What a thoughtful and interesting question, Tara. The theme of creativity is definitely woven through all of my stories (as is the theme of flying). As a child I spent many happy hours creating all sorts of things, from paper dolls to decorative breads and bread sculptures, to apple dolls, and yes, gingerbread people and houses. (My mother and grandmother were both accomplished artists, but neither of them made particularly cheerful or colorful art). I suppose I created the art I wanted to see as a child, and the worlds that I wanted to live [and fly around!] in.

As for the theme of homecoming, who doesn’t want to return to a home, experienced or imagined, full of love, warmth and reassurance? Through my characters and stories I’m able to go to places I long for, and that I think many children long for, too. My favorite childhood memories are of playing in a dollhouse I made myself, while my mother worked on her own art in her studio in our backyard. I’m able to access that feeling of creativity and security when I write my stories and create my illustrations.

The beautiful San Francisco Bay Area has been my home since I started college at U.C. Berkeley (with the exception of a year spent in Boston). I never stop being moved by its beauty, both geographical and architectural. Its hills and waters, bridges and buildings, cultural diversity and creative food culture inspire me, and I enjoy sharing that inspiration with others, especially children, through my books.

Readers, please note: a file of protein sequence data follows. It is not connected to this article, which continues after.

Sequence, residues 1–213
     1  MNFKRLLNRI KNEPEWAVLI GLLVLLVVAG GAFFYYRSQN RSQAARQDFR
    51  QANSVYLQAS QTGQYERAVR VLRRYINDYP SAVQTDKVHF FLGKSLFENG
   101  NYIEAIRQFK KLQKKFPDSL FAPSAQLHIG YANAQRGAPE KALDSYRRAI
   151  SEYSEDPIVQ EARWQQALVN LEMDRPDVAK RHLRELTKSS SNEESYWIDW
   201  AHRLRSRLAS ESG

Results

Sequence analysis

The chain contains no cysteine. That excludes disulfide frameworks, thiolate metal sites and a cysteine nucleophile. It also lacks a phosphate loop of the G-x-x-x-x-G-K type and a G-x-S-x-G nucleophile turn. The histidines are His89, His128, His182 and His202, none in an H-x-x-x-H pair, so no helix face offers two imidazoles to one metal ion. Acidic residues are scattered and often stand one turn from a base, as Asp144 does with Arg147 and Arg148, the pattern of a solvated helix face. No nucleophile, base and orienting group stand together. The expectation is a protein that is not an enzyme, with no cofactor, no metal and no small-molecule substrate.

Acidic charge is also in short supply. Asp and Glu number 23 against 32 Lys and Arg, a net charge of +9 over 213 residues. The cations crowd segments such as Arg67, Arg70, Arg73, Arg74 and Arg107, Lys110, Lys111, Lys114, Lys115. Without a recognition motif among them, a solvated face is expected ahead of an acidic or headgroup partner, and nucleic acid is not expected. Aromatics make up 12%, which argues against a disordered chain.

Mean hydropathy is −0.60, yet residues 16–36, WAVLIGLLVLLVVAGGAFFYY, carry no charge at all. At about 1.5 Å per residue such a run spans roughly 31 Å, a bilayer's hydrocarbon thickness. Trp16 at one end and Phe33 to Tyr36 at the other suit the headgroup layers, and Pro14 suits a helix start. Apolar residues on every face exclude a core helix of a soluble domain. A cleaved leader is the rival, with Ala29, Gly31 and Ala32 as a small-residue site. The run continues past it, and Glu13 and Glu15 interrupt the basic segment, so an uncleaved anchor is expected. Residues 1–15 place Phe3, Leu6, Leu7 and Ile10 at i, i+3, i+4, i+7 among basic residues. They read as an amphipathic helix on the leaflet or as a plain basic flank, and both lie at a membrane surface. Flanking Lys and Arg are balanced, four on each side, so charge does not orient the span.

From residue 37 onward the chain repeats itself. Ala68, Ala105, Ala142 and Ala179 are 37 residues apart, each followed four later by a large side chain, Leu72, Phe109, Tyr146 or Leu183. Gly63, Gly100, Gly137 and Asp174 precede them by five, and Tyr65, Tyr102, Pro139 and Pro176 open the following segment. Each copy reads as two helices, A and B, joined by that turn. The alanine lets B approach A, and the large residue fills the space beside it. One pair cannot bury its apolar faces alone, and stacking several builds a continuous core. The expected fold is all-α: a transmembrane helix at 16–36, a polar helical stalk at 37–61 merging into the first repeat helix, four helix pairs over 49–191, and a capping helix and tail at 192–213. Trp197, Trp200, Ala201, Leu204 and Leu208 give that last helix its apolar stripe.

Thank you, Elisa, for your gorgeous books and for stopping by on THE HORRIBLY HUNGRY GINGERBREAD BOY blog tour.

horriblyhungrygingerbreadboyElisa’s publisher is giving away a copy of the book—just leave a comment to enter. One comment per person, US addresses only please. You have until December 13 to enter so the winner can get their book in time for the holidays. GOOD LUCK!


by Elisa Kleven

I find inspiration in all sorts of ways. Sometimes an image inspires me : the brush-like tail of a lion at the Oakland zoo sparked the idea for THE LION AND THE LITTLE RED BIRD; the sight of a picket fence reflected in a wet sidewalk gave me the idea for THE PUDDLE PAIL.

Sometimes an experience gives birth to a story idea: my daughter’s reaction to her domineering, sloppy new brother inspired my book A MONSTER IN THE HOUSE; the comforting act of making bread on a gloomy winter day gave me the idea for SUN BREAD.

And sometimes stories well up mysteriously, from undercurrents in my life and amorphous but powerful feelings. After I finished THE PAPER PRINCESS, for example, I realized it summed up my feelings about being both a book creator—working away lovingly and privately on detailed pieces of paper (my illustrations and stories) that I later send out into the world to “finish themselves” (that is, be read and reacted to), as well as earlier, raw feelings about having lost my own “creator”, my mother, when I was still a child, and how I went out into the world feeling like it was up to me to complete myself.